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Hip replacement surgeons in Denver

Our hip surgeons work to correct daily pain and stiffness so you are able to have an active lifestyle.

Hip replacement surgery at OrthoONE aims to improve your overall well-being. Whether you have pain as a result of wear-and-tear, excessive inflammation or complications from a dislocation or fracture, we're here to help.

Is joint pain affecting you?

If you are concerned about the health of your hips and knees, our brief assessment helps you determine how much joint pain may be affecting you and what you can do about it.

Take our knee and hip pain assessment

Conditions we treat with hip replacement surgery

Hip replacement surgery may be necessary, depending on the severity of your condition. Some of the most common reasons you may need a hip replacement include:

  • Osteoarthritis
  • Osteonecrosis
  • Rheumatoid arthritis

Our hip replacement services

From diagnosis through treatment and beyond, our care plans are aimed at reducing your discomfort and gaining back both your mobility and quality of life.

Diagnostic intraoperative X-rays

While performing hip replacement surgery, our team will use X-rays to get an immediate view of your hip, along with the instruments and implants used for the procedure. To capture these particular X-rays, we use a mobile X-ray machine called a fluoroscopic C-arm. This machine uses a fluoroscope connected to a computer workstation to produce a real-time moving X-ray. This moving X-ray allows us to see structures we otherwise could not.

We are able to complement these X-rays with technology that clears picture distortion. Distortion can be caused by magnetic fields, gravity or other factors, and creates an effect similar to a circus funhouse mirror. With the clear X-rays we use, however, your surgeon can more effectively align the hip replacement implant, obtain much more precise leg lengths and offset the artificial hip.

Total hip replacement surgery

Total hip replacement is an increasingly common practice that eliminates pain in the hip joint by completely replacing it with a new, prosthetic joint. As total hip arthroplasty (THA) continues to evolve, popular techniques like the ones we employ are increasing safety and overall outcomes for you, allowing you to return to most activities even sooner than before. Our goal is to enable you to have 20 years or more of joint restoration.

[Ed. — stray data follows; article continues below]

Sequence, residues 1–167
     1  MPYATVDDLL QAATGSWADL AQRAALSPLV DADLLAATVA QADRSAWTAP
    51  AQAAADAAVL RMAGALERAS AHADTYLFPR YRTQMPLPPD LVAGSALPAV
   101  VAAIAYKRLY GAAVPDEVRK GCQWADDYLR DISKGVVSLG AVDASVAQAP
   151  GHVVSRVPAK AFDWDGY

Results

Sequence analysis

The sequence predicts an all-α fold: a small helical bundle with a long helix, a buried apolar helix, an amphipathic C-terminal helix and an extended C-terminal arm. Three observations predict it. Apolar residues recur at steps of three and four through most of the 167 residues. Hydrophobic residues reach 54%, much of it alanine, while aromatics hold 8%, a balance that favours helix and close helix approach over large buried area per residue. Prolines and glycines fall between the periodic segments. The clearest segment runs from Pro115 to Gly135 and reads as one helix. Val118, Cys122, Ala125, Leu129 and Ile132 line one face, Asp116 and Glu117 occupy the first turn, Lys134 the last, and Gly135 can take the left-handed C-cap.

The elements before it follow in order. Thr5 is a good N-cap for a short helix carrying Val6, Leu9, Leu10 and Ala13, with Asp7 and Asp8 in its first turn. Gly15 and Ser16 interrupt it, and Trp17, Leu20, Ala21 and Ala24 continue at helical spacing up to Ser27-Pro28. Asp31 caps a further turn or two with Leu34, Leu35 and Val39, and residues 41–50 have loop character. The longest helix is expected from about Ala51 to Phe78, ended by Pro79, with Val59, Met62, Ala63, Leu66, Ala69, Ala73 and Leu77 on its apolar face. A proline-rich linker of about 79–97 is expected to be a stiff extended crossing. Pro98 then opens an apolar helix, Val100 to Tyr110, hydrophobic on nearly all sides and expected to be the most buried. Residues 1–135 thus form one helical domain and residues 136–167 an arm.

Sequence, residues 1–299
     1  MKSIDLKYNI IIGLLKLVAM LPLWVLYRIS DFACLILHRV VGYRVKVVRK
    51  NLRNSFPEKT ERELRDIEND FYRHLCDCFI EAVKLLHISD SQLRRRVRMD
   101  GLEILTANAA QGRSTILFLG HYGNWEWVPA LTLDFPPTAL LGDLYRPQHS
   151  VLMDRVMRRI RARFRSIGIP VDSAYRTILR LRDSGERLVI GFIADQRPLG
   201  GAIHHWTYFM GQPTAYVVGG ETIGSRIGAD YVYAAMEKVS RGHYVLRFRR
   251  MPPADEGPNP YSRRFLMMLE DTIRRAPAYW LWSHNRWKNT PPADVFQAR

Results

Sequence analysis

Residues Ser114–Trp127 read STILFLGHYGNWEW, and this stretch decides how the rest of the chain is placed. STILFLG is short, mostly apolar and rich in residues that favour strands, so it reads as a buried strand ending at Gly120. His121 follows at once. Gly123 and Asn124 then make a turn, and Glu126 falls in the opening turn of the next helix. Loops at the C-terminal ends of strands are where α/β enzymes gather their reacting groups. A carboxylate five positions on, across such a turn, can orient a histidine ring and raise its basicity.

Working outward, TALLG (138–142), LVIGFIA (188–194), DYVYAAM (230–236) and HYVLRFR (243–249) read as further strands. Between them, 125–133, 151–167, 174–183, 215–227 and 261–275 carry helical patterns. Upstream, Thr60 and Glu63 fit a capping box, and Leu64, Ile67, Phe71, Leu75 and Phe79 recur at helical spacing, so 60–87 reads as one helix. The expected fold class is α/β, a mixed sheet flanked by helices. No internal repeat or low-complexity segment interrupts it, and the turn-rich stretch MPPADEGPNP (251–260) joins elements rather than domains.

Depending on your condition, you may only need an outpatient procedure, with many cases only requiring, at most, a single overnight stay. We also offer several different minimally invasive ways to complete a hip replacement. The severity of your condition will ultimately dictate which approach we take, because, as always, your unique circumstances are at the center of your treatment plan.

Anterior hip replacement approach

In traditional surgery, your surgeon may operate from the side (lateral) or the back (posterior) of your hip. These techniques can require an eight- to 12-inch incision, which disturbs the muscle and tissue surrounding the joint. By contrast, anterior hip replacement surgery only requires a minimally invasive, three- to four-inch long incision at the front of the hip, sparing more healthy muscle and tissue.

During the procedure, we replace your distressed hip with implant components made of advanced metal and plastic, avoiding any damage to your surrounding muscle and tissues. By gently moving muscles along their natural tissue plane, retracting them without cutting or detaching from the bone, the new joint can function more normally.

Posterior hip replacement approach